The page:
kim and bridgerLiving Horsemanship


Considering the Horse - Diaries 05/2003



LA TO ARIZONA   A. 1- Ranch

We leave Los Angeles as soon as we finish the clinic, and head for A 1 Ranch in Flagstaff Arizona.  The skies are clear and it’s a beautiful Southern California sunset. However the traffic of Los Angeles again is a challenge for one’s on going growth and enlightenment. We listen to Mark’s rough C.D. and talk about “Bill” our new horse.

I’ll tell you the story of Bill. As far as we know it Bill is off a ranch in Billings, Montana. He was bought by a friend named Steve Wilson.  Mark’s been looking for another horse since “Buck’s” retirement. He’s wanted something with some size on him and it would be nice if he’d been started, just cause were so busy.  Well Steve is having a huge horse sale. He’s getting out of the horse business and into cattle business (good luck). Anyway we run into Steve one night at the” Wheel”,  a local saloon, when he tells us of his sale and he thinks he has a couple of horses that Mark would be interested in.” Just what Mark is looking for”... We are also getting ready to leave for our four weeks of clinicing, so there are a lot of things we need to be doing before we take-off.

Steve says he’ll let us take a look at the herd and that happens to be the day before we leave. The horses are down in the valley so while we’re down there we can take care of a few things we need to do (I wanted to pick up the sweatshirt I had ordered from the ranch supply store before we left.)  We didn’t bring any tack with us because frankly, Mark or I truly didn’t think we’d see any thing that would be right for us.

It was a beautiful day no wind and the horses were grazing on about 75 acre of pasture. We pull the truck into the pasture and park. Steve is going on about the horses he thinks Mark will like and we just sort of wander through the herd listening and looking. We’re moving in and out of the horses, stopping to pet a few. We start to head back to the truck when this Big Ole Bay horse nudges on Mark and he turns to look at him, I look at him he looks at us, we all just sort-of stopped for a moment. He’s big maybe 16 hands and built like a tank, good conformation, quarter horse - I mean big hindquarters just what Mark is looking for.  “If you can rope it he can hold it” as Mark would say. We keep walking and this big ole horse nudges on Mark again. We stop and laugh. Mark says what’s the story on this guy?  “Don’t know really, picked him up in Montana a few weeks ago”, Steve says.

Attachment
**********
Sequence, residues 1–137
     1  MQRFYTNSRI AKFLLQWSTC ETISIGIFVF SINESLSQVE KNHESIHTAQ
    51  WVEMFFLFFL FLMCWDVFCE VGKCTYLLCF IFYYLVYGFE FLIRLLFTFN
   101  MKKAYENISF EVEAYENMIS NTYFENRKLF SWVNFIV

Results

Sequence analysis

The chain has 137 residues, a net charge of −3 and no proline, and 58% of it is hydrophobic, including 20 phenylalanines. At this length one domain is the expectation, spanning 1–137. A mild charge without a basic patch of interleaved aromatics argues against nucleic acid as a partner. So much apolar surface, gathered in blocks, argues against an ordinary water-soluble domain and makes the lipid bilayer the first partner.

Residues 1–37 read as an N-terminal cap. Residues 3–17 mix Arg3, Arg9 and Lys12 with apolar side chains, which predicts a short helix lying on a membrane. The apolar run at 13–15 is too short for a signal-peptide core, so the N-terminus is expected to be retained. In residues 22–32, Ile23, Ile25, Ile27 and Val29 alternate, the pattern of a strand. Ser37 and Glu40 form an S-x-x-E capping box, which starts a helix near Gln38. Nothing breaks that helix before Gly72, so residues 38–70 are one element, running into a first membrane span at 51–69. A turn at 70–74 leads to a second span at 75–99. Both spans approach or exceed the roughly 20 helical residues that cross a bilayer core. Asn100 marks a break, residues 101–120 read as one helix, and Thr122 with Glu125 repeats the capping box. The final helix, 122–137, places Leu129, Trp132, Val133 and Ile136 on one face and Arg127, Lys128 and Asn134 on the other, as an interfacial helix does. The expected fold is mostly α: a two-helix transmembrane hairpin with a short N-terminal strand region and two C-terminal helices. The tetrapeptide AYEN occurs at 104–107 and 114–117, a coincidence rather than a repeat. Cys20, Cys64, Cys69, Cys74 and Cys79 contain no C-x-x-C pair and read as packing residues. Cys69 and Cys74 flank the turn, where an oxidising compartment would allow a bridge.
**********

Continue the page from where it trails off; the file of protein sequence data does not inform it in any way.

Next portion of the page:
“Really Mark, I think you would like one of these other horses better.”

Mark picks up his feet, no halter, the hoof wall was fairly straight though his feet are in pretty bad shape, long and turned in somewhat in the front. Some of the other guys from another ranch had ridden him the day before. They said they really didn’t like him, he rode ok but he’s pigeon toed. (Boy, you’d think we were in Hollywood).

These other guys were there too, riding some of the other horses. And those horses were caring on, buckin’ and pitchin’ fits, draggin’ their riders back into the herd. These were some of the other horses Steve thought Mark would be interested in. We talked about the “big” horse for awhile, we really had to get on the road if we we’re going to get other things done. The other guys say “hey if you want, you can use our tack”. Nah, Mark says.  Really, I say, we should ride him. “You can if you want but we won’t be able to pick-up your sweatshirt.”  Ok! I say. Funny how things go, who cares about a sweatshirt.